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Believe Albert Pujols will be a Cub? You’re embracing fantasy

The ideCarlos Zambrano (left) Albert Pujols joining forces next seasmight be giving goosebumps Cubs’ faithful but reality is Pujols doesn’t

The idea of Carlos Zambrano (left) and Albert Pujols joining forces next season might be giving goosebumps to the Cubs’ faithful, but the reality is Pujols doesn’t fit ownership’s game plan. | Charles Rex Arbogast~AP

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Updated: August 30, 2011 12:15AM



It was a smile and a firm handshake from Jim Hendry on Wednesday. No hug necessary between the two of us.

Don’t get me wrong — the Cubs’ general manager was actually smelling pretty good hours before a showdown against the St. Louis Cardinals, but hugs seem to complicate relationships on the North Side these days, and the last thing the Cubs need right now is to be more complicated.

‘‘I didn’t even walk away from it thinking there was a hug,’’ Hendry said of ‘‘The Man-Hug Heard Down I-55’’ a day earlier.

Before Tuesday’s game with the rival Cardinals, Hendry and St.  Louis star Albert Pujols embraced behind the batting cage, only because underneath the stands would have really had people talking. Plus there’s rats.

Yes, it’s the same Albert Pujols who will be a free agent this offseason, poised to sign one of the richest contracts in major-league history.

Do the math and smile, Cubs fan.

Then promptly pick up the nearest stapler and punch it into your chest to help snap you back to reality.

Pujols is not going to be a Cubbie next year or in the foreseeable future. And thank goodness for that. It would be one of the worst baseball decisions for an organization that arguably had the market cornered on decisions gone bad over the last five years.

‘‘We shook hands, we’re good friends — that’s what we’ve done forever,’’ Hendry said, still explaining the embrace with the Cardinals’ All-Star first baseman. ‘‘I alerted people in spring training when all the hoopla started: When I see Albert, I’m not going to change. Shame on me if I would have. I wasn’t going to hide in my office.’’

The ‘‘hoopla’’ Hendry’s referring to is speculation the Cubs would be in on the bidding for Pujols in 2012.

And why wouldn’t they be? They haven’t shied away from big-ticket players over the last decade. Then consider that the competition for Pujols has dwindled over the last month, with the New York Mets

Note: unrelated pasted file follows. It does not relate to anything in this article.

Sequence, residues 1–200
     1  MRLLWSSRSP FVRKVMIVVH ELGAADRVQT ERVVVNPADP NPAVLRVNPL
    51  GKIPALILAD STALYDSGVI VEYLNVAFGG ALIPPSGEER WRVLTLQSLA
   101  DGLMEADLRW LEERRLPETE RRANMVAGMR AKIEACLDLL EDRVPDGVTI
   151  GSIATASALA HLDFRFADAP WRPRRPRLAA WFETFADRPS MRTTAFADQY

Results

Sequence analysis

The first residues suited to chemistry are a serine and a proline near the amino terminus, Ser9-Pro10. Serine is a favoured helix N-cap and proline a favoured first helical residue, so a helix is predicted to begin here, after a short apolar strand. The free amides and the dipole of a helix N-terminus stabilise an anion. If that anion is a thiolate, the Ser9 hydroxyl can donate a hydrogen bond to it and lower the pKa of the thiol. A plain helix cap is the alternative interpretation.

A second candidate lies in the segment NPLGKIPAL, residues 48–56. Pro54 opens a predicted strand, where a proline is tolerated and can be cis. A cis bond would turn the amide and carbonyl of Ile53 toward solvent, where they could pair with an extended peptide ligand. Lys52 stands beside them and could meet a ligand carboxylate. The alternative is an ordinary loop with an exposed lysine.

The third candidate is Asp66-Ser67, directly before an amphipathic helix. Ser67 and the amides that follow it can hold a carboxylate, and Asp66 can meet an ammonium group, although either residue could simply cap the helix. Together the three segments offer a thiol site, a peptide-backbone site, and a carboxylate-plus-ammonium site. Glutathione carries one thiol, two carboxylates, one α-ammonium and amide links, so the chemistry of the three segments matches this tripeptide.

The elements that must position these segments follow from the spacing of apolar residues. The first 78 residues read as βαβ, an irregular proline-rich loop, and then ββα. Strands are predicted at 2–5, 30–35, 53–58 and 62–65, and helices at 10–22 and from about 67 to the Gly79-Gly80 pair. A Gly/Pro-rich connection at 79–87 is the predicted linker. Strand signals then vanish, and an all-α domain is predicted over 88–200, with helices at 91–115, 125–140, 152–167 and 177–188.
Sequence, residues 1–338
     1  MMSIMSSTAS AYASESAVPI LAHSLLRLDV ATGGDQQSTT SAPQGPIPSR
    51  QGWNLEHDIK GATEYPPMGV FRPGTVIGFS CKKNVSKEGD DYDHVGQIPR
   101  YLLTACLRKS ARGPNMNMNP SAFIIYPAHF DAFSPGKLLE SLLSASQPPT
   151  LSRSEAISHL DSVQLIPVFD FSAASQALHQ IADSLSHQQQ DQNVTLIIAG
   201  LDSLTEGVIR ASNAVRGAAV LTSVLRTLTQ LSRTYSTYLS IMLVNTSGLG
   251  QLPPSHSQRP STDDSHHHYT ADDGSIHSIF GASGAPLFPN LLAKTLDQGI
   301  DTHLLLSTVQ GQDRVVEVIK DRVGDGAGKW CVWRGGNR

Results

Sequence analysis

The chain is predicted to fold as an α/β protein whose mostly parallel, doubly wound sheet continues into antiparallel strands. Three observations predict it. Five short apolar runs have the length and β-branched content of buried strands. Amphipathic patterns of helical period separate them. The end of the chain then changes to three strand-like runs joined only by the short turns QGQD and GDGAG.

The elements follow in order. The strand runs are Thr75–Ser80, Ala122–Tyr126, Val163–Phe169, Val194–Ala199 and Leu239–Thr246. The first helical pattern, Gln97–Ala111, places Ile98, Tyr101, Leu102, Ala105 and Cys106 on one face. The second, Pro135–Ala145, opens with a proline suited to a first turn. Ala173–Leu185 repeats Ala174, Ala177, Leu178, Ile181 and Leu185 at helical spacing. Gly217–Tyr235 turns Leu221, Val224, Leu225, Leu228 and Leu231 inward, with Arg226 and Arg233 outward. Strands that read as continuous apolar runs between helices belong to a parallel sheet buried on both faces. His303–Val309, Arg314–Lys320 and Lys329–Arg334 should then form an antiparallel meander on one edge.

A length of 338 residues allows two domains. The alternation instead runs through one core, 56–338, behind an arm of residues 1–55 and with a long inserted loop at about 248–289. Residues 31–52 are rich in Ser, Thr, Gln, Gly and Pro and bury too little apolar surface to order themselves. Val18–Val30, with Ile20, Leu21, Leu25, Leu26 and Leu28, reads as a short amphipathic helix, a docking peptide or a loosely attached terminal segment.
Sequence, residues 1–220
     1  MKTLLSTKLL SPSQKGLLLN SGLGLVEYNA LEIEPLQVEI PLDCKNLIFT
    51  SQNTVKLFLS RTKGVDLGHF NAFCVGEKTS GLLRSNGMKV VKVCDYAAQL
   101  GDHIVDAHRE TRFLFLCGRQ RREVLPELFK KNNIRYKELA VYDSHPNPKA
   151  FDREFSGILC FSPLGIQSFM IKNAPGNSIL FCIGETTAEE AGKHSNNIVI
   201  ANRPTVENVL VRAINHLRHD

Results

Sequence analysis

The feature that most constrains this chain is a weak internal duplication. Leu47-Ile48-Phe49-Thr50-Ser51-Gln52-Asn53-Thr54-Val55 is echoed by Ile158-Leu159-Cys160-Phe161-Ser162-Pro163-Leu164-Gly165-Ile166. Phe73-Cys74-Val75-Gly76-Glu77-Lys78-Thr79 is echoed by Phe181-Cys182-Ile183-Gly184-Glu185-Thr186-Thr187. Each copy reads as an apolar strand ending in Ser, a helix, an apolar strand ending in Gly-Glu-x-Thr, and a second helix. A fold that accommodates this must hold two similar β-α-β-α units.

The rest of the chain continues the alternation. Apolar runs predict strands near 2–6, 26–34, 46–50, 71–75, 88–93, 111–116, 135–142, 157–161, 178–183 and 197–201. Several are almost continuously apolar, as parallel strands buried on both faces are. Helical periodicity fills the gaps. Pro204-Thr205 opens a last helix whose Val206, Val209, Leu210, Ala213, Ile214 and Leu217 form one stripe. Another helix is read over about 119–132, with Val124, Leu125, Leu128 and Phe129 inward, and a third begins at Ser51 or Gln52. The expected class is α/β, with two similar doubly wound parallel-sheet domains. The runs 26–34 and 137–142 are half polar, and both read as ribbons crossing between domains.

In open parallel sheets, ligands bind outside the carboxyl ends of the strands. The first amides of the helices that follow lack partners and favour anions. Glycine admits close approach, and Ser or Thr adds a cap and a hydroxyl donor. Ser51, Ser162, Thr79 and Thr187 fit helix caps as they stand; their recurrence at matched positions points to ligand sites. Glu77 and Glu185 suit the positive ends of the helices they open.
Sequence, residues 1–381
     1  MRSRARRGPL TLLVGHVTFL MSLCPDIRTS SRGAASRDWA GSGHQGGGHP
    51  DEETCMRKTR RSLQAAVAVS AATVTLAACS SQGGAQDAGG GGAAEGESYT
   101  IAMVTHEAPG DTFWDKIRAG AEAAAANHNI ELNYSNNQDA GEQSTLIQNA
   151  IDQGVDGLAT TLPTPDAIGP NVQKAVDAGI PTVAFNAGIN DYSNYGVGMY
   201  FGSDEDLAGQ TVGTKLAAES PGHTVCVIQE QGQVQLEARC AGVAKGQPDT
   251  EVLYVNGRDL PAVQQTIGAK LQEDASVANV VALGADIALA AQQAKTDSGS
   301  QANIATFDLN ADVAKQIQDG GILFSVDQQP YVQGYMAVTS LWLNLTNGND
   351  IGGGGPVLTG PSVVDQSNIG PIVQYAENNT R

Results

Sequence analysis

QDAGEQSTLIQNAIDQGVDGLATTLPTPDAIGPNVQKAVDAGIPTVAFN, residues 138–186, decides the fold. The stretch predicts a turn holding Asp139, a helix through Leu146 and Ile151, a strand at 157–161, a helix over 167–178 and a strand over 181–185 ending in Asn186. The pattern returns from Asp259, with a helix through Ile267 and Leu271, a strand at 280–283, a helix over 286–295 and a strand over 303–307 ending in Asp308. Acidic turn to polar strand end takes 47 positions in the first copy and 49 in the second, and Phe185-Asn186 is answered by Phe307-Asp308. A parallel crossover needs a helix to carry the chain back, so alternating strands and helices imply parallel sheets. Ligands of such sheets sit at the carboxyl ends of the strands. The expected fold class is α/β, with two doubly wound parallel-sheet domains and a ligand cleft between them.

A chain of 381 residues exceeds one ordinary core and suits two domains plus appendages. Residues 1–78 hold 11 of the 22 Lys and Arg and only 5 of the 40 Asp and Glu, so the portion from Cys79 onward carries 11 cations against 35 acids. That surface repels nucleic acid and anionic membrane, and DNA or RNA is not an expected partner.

and Los Angeles Dodgers in financial chaos.

Finally, it’s public knowledge what comes off the books for the Cubs after this season. Kosuke Fukudome ($14.5 million in 2011), Carlos Pena ($10 million), John Grabow ($4.8 million), and of course the dead money that is Carlos Silva ($11.5 million) are all free agents.

So seemingly, the money would be there if not for one thing: the years.

The Ricketts family is committed to owning the Cubs for a long time and owning them the right way. There’s a business model in place, and Pujols isn’t a fit. Not when Tom Ricketts came out right after taking over the team and said there’s ‘‘no silver bullet’’ to win a World Series.

He went a step further this spring when asked about the mega-type contract Pujols and his reps reportedly are chasing.

‘‘The length of the deal is often a bigger problem than the dollars,’’ Ricketts said. ‘‘You have to be very careful if you’re going to sign one of those longer deals, if you’re going to take on one of those guys for seven, eight, nine years. Better make sure that’s the guy you want.’’

For maybe four more years, Pujols will be a guy you want. With Pujols now 31 — according to him — a deal could turn bad quickly if it does end up being for seven or eight years. Basically, he could be the worst-case scenario for a Cubs team that could use that money to fill numerous spots on a roster filled with holes.

The formula the Cubs now seem to be following will involve free-agent spending — but when the time is right. What that means is some more growing pains for a fan base past the brink of patience.

‘‘If you’ve got a good system and you know your system inside and out, that’s half the battle,’’ Hendry said. ‘‘It’s a three-way process — develop your own players, develop a bunch of guys that you think might not be your first wave, move those, and then when you need a guy or two, [free agency]. But it all starts with having talent in your system. If not, you’re going to be buying, reselling, and it goes on.’’

So are the Cubs rebuilding? No. Call it rethinking. And it won’t happen overnight.

Try to hug that idea, Cubs fan.

And keep a stapler nice and close.



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